‘Irreversible’ changes to the earth provide striking evidence of new epoch, experts suggest, thus rebuking the critics claiming that the Anthropocene is mostly about politics, not science.
A team of academics - among them FNI research professor Davor Vidas – has responded to criticisms of the proposal to formalise a new geological epoch – the Anthropocene.
Critics of a formalised Anthropocene have alleged that the idea did not arise from geology; that there is simply not enough physical evidence for it as strata; that it is based more on the future than on the past; that it is more a part of human history than the immensely long history of the Earth; and, perhaps most notably, that it is more of a political statement, rather than a scientific one.
Published a response
Members of the international Anthropocene Working Group, which includes Davor Vidas, have now considered these criticisms at length, and published a paper, where they suggest that the Anthropocene has in fact already seen irreversible changes to the Earth, rather than just to human societies.
As a striking and novel concept, the Anthropocene has attracted considerable support from geologists but also a range of criticism, questioning whether it should really join the Jurassic, the Pleistocene and other well-known units on the Geological Time Scale,” says professor Zalasiewicz in a recent press release from the University of Leicester.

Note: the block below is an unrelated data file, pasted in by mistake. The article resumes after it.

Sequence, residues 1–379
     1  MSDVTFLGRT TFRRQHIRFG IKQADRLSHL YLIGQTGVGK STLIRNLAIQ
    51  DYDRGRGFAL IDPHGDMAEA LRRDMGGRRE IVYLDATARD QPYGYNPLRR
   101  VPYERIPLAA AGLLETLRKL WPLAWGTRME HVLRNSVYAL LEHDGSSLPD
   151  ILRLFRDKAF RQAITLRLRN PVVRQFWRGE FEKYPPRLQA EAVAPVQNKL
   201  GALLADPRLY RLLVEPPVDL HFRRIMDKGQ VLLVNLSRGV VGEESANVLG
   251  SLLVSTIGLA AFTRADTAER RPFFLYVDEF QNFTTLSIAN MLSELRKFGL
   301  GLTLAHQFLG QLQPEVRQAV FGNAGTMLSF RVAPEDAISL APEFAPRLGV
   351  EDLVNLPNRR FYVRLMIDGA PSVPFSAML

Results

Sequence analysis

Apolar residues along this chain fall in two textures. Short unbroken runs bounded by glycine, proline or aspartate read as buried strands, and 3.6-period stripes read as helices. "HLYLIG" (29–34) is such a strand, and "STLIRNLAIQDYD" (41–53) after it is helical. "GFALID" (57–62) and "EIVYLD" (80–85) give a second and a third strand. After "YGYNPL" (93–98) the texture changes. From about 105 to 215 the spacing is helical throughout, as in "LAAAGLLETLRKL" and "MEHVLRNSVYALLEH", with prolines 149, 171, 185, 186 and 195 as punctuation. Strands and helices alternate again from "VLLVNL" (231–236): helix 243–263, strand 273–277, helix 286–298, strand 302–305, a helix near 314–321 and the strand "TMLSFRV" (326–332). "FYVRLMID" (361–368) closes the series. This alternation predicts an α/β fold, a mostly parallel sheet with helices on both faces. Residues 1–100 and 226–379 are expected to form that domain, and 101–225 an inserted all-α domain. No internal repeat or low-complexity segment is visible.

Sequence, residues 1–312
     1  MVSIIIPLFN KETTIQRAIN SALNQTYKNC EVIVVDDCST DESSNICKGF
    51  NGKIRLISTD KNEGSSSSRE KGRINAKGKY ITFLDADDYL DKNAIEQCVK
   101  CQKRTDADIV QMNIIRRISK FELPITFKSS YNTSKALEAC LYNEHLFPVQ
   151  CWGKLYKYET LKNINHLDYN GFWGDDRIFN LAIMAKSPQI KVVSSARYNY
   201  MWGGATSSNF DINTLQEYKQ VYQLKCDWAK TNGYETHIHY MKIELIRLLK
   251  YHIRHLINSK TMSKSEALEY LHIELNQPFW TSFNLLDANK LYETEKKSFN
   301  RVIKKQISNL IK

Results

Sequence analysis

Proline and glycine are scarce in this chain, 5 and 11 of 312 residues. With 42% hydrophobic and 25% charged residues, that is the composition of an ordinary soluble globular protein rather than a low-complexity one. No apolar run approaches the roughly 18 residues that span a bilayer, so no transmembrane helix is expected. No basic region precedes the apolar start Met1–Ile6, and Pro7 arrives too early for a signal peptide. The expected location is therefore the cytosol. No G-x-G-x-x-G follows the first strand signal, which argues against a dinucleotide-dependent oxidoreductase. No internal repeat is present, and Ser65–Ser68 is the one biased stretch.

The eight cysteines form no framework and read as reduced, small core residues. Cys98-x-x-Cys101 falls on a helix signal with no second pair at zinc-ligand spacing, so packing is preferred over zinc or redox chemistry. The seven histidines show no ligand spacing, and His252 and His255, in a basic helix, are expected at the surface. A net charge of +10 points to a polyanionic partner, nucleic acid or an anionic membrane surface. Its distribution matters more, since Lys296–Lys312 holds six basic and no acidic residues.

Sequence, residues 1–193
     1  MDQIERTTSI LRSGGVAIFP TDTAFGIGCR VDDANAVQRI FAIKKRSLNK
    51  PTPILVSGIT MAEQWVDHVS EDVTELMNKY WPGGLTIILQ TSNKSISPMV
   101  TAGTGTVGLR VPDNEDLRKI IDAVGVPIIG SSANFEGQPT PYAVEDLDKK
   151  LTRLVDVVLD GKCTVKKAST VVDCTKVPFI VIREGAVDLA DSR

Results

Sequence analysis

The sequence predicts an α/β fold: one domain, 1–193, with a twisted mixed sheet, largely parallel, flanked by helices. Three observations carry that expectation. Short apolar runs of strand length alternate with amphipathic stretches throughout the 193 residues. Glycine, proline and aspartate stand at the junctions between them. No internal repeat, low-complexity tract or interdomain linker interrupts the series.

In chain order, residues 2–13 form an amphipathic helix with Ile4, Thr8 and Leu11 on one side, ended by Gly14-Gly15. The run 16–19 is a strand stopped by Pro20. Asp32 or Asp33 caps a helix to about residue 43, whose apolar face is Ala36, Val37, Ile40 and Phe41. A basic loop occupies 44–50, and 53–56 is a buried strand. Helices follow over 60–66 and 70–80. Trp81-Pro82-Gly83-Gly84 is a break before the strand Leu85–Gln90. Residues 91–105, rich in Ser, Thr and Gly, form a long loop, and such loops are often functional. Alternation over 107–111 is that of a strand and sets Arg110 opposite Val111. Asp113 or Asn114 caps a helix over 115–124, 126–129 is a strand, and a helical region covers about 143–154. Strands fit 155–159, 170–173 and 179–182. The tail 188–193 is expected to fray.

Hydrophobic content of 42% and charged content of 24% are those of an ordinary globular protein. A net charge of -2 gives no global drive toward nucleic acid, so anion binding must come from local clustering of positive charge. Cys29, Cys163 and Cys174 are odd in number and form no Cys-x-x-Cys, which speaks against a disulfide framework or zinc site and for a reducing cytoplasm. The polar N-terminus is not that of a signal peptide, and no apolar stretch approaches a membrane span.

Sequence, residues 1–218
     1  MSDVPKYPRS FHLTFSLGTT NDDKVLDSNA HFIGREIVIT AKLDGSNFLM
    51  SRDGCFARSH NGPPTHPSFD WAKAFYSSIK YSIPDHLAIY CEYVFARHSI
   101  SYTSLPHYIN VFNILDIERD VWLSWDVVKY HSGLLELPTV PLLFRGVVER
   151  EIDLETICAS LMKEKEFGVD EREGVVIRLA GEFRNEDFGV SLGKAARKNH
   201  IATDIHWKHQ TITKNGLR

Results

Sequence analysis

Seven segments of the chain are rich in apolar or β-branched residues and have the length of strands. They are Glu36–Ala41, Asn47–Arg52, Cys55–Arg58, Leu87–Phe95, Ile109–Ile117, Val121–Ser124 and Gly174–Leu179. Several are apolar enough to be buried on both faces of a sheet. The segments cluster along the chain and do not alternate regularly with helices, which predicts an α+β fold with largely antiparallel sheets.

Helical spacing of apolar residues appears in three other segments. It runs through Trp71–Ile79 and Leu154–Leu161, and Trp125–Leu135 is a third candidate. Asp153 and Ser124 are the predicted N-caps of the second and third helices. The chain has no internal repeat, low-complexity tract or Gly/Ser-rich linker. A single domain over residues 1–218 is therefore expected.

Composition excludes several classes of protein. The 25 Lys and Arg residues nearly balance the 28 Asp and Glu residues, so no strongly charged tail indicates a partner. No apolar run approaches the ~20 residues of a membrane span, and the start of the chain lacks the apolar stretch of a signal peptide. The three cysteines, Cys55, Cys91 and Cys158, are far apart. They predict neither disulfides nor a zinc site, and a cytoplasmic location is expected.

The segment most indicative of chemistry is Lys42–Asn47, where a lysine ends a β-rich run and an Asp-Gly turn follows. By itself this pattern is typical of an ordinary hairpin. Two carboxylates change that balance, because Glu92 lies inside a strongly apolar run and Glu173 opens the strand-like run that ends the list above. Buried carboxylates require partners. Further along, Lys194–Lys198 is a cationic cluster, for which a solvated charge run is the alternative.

“This criticism is an essential part of the testing of this concept – for the Anthropocene to be taken seriously, the science behind it must be robust and based on sound evidence,” he adds.
The Anthropocene - the concept that humans have so transformed geological processes at the Earth’s surface that we are living in a new epoch - was formulated by Nobel Laureate Paul Crutzen in 2000. It has since spread around not just the world of science, but also across the humanities and into the media.
It is now being analysed by an international group of scientists – the Anthropocene Working Group – as a potential new addition to the Geological Time Scale, which would be a major step in its global scientific recognition.
‘Yes, it is real’
Last August, this Working Group took a significant step towards such a recognition, when it presented its preliminary findings and recommendations at the 35th International Geological Congress in Cape Town. Vidas then described these findings as ‘a milestone’, but also underlined that much work still remained. The recent response to the critics is part of the work.
The paper, ‘Making the case for a formal Anthropocene Epoch: an analysis of ongoing critiques’, published in the journal Newsletters on Stratigraphy is freely available online here.